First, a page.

Fibromyal­gia (FM) is a dis­or­der of hyper­sen­si­ti­za­tion, mean­ing that our bod­ies are “keyed-up” all the time. FM patients are more sen­si­tive to pain, but also to hot and cold, drugs, spices, preser­v­a­tives, scents, tex­tures, chem­i­cals, changes in the weather—everything. Our immune sys­tems are often depressed, so we catch what­ev­er we’re exposed to. We take longer to heal from falls and oth­er injuries while being more like­ly to fall due to issues with blood flow to the inner ear region (see FM Net­work News, April 2006, p 14). 

FM patients expe­ri­ence peri­od­ic wors­en­ing of symp­toms called flares. Flares are usu­al­ly brought on by stres­sors of some sort—illness, injury, over­work, emo­tion­al stress, any­thing that upsets the patien­t’s equi­lib­ri­um. While FM is not con­sid­ered a degen­er­a­tive dis­ease, those patients who live under con­stant stress do tend to degen­er­ate fair­ly consistently. 

I was diag­nosed with fibromyal­gia and chron­ic fatigue syn­drome (CFS) after sev­er­al years of wors­en­ing fatigue, increas­ing, inex­plic­a­ble pain, and grow­ing intol­er­ance for exer­cise that did­n’t respond to any treat­ment. I was unable to do any­thing but sleep, go to work, and take care of Katie. All too soon, I was unable to work reli­ably. My envi­ron­men­tal aller­gies, which had been rel­a­tive­ly easy to man­age ear­li­er, inter­fered more and more with my life. I found myself catch­ing any infec­tion to which I was exposed, how­ev­er briefly, and had a hard time recov­er­ing from them. I had a chron­ic low-grade fever with worse fevers any time I overex­ert­ed myself or was under more stress. I’d had trou­ble with chron­ic headaches since I was 17, but now they became migraines. No mat­ter how much sleep I got, I was always tired. 

The years imme­di­ate­ly pri­or to my diag­no­sis were par­tic­u­lar­ly stress­ful in many ways. I was mar­ried and divorced twice, moved and changed jobs repeat­ed­ly to suit my hus­bands, and had sev­er­al surg­eries. My preg­nan­cy was a blessed sur­prise, but not an easy one, end­ing in a C‑section at 8 months. Those 8 months were full of con­stant, debil­i­tat­ing nau­sea that nev­er went away (far beyond “morn­ing sick­ness” — hyper­eme­sis gravi­darum).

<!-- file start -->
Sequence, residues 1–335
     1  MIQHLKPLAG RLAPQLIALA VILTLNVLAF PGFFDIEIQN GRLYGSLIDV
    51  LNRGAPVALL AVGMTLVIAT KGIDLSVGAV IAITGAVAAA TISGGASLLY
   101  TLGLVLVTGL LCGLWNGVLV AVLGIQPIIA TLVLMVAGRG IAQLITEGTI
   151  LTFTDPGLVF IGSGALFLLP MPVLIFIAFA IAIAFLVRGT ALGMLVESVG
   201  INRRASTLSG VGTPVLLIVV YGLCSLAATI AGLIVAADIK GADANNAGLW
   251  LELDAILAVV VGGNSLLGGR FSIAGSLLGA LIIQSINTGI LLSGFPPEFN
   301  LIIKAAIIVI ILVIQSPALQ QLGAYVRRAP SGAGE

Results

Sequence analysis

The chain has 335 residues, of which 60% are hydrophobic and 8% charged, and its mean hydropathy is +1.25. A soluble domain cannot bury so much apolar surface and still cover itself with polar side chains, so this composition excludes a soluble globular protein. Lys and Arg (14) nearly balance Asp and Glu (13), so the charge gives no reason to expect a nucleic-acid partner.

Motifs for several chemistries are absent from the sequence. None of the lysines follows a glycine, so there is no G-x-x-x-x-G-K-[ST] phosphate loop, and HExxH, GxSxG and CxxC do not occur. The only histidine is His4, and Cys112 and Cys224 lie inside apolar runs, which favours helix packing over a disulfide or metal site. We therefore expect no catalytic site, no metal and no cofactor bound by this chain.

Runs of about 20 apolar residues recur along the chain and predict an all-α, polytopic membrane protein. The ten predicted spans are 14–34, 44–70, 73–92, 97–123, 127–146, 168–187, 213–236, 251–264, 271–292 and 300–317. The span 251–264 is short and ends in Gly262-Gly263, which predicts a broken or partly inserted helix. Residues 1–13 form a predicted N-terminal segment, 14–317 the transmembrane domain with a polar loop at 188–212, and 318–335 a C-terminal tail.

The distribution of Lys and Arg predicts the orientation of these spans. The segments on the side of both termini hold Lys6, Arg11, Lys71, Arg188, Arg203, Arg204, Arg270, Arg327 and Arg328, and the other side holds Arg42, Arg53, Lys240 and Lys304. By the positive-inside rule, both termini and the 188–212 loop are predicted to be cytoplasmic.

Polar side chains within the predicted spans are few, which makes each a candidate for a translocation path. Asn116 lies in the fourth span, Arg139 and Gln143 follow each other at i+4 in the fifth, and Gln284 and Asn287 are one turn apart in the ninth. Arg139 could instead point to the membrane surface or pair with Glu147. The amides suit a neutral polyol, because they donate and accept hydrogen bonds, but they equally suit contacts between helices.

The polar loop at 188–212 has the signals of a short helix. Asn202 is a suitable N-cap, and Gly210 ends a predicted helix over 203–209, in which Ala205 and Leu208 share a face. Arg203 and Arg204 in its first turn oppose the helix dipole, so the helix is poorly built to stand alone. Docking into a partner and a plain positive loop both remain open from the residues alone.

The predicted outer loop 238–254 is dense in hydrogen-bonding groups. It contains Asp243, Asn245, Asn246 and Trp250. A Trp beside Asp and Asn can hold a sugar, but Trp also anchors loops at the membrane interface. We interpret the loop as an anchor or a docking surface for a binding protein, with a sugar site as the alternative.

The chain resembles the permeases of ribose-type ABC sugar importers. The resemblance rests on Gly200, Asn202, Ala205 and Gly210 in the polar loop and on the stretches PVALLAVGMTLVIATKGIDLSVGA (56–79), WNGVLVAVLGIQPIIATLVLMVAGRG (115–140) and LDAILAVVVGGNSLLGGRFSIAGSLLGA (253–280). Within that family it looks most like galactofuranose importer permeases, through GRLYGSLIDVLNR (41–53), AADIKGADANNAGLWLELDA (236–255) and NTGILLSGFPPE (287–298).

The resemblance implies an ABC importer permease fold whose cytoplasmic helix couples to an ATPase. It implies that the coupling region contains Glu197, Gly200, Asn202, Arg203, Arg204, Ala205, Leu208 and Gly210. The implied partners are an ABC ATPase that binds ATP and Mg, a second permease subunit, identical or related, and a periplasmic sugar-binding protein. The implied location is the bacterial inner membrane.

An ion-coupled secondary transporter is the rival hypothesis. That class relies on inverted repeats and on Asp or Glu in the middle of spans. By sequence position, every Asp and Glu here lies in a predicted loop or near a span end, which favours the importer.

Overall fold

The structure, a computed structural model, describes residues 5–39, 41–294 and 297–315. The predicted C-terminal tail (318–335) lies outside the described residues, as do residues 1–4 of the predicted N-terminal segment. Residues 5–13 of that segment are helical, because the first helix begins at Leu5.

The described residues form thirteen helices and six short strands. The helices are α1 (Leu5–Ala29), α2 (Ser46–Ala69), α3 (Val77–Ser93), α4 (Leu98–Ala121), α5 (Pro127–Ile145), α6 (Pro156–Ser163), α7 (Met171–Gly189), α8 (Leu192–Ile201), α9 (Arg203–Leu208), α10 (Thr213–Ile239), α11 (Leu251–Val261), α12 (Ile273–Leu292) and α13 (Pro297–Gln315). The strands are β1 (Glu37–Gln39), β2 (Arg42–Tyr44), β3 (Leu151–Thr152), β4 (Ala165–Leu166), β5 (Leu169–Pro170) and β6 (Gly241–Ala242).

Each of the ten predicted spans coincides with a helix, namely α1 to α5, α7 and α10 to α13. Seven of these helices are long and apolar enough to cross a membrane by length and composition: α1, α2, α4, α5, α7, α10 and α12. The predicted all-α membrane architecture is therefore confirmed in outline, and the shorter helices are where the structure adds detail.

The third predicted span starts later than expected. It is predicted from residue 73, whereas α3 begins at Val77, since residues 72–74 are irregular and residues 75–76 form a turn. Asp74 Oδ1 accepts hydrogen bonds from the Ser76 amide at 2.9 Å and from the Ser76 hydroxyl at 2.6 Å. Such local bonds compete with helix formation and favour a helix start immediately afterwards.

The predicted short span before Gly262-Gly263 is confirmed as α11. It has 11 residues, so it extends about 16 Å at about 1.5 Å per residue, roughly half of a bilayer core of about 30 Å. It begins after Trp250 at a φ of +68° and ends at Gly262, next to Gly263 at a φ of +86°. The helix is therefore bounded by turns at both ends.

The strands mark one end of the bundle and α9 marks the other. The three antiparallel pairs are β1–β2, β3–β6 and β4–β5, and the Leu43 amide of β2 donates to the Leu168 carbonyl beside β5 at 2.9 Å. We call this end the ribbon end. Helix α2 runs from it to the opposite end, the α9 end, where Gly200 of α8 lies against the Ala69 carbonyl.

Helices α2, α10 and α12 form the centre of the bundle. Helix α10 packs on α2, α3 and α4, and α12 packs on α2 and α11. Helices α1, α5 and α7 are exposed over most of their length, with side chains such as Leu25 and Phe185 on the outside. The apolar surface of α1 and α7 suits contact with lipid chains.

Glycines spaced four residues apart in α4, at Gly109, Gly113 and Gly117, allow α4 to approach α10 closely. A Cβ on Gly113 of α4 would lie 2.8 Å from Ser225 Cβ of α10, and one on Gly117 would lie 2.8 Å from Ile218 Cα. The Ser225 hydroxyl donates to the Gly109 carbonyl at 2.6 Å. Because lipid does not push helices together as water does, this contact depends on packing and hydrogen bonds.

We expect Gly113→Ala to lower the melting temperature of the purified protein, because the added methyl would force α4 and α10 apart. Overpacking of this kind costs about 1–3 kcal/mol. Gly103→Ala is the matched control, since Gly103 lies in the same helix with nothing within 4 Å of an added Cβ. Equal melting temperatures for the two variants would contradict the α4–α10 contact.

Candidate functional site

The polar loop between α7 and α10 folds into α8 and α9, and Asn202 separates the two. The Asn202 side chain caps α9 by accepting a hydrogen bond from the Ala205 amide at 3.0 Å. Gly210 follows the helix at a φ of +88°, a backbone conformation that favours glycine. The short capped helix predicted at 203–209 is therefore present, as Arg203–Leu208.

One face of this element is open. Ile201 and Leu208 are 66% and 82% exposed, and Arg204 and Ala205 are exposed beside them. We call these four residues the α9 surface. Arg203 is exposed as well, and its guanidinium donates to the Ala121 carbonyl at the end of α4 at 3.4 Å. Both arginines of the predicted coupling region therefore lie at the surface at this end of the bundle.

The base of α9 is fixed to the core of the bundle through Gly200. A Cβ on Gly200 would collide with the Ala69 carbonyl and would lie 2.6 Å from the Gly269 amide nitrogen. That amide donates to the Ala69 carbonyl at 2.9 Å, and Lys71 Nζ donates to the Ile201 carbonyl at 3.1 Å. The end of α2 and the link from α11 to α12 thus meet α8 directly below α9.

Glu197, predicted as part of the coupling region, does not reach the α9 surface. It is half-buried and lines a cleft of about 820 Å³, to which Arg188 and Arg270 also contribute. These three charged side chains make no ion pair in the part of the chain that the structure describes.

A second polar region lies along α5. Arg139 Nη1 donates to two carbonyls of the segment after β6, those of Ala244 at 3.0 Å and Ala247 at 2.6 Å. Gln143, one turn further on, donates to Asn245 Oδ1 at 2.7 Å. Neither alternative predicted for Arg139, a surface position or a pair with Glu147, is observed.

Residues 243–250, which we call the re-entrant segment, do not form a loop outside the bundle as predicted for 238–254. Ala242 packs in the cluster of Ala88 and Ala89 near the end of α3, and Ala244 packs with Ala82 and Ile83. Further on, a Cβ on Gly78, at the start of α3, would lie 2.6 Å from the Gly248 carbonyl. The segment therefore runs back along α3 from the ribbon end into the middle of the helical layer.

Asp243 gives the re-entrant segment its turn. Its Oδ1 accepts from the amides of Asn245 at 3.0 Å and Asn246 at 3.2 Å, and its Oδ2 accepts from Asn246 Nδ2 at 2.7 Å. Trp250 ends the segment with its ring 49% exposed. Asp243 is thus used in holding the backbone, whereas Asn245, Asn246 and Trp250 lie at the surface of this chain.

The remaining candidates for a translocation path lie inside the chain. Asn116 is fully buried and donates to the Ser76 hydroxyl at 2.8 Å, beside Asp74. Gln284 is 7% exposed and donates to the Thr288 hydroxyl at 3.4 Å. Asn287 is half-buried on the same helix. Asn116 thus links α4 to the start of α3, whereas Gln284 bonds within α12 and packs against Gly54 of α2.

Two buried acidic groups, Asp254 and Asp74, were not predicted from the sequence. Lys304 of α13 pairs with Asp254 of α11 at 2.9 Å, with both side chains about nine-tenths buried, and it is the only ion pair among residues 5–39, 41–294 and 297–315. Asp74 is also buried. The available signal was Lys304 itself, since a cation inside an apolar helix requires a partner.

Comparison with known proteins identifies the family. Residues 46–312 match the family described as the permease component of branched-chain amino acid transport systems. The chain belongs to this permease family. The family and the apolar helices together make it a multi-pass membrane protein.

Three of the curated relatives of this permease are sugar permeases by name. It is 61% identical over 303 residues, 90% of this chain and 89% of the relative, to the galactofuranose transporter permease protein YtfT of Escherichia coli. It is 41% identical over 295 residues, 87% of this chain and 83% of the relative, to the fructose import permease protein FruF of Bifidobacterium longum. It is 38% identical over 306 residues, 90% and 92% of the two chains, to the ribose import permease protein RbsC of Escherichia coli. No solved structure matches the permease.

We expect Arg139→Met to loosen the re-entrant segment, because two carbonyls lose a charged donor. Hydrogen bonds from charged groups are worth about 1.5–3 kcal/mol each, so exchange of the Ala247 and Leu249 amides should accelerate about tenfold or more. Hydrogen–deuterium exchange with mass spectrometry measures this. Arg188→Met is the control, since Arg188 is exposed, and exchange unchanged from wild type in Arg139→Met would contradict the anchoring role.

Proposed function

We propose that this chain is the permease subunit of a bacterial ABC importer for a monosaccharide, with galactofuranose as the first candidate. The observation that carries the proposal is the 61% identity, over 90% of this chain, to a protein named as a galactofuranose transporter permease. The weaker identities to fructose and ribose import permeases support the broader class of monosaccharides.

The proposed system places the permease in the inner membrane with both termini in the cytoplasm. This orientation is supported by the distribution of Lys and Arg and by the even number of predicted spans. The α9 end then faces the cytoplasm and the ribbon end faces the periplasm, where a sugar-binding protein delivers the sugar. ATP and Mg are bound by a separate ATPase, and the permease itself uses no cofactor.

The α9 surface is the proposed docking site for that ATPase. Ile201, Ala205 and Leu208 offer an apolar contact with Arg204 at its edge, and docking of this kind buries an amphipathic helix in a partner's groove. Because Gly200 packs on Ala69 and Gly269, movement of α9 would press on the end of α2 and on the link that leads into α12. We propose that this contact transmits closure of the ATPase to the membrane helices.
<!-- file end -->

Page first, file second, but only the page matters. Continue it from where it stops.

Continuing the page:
Unfor­tu­nate­ly, after find­ing no relief from var­i­ous sleep reme­dies and minor pain meds, I stopped seek­ing any treat­ment around 1994. I fig­ured I could sim­ply deal with the pain, and I did for years. I lost more and more func­tion­al­i­ty, though, as the untreat­ed symp­toms wors­ened. I may nev­er reach the same lev­el of health as I might have had I been more proac­tive in seek­ing treat­ment and in reduc­ing the stres­sors in my life. 

In 1998 I met Sam, and by ear­ly 1999 we were blend­ing our fam­i­lies. That was­n’t an easy process, and the next five years were fraught with anx­i­ety as a result. In 1999, my ex-hus­band Wayne died. Our daugh­ter Katie was diag­nosed with fibromyal­gia in 2000. Around the same time, I had a bad fall lead­ing to a flare that just did­n’t end. I was­n’t able to work out­side the home for more than a month at a time for many years. Los­ing my job meant los­ing access to health­care for most of a decade due to our dys­func­tion­al health­care system. 

I did­n’t get real­ly seri­ous about get­ting good care until after I also failed to man­age attend­ing col­lege class­es in my first attempt to return to col­lege. In 2005, I final­ly per­sist­ed in my efforts until I had a rheuma­tol­o­gist and oth­er spe­cial­ists, includ­ing a sleep spe­cial­ist and a pain man­age­ment doctor. 

At the same time, I strength­ened my bound­aries, and I have con­tin­ued to do so. My fam­i­ly sup­port­ed me as I found my lim­its. I had to low­er my stan­dards in some areas, del­e­gate tasks in oth­ers, hire help in some. I’ve removed cer­tain influ­ences from my life com­plete­ly. The stres­sors I can­not avoid are cush­ioned by bet­ter stress relief behaviors. 

While I still have pain, fatigue, and oth­er prob­lems, the right treat­ment, func­tion­al behav­iors, and fam­i­ly sup­port have made a world of dif­fer­ence in my life. I’m able to work full-time again (from home). I still have to be very care­ful about my spoons, but I’m able to live a full and reward­ing life. 

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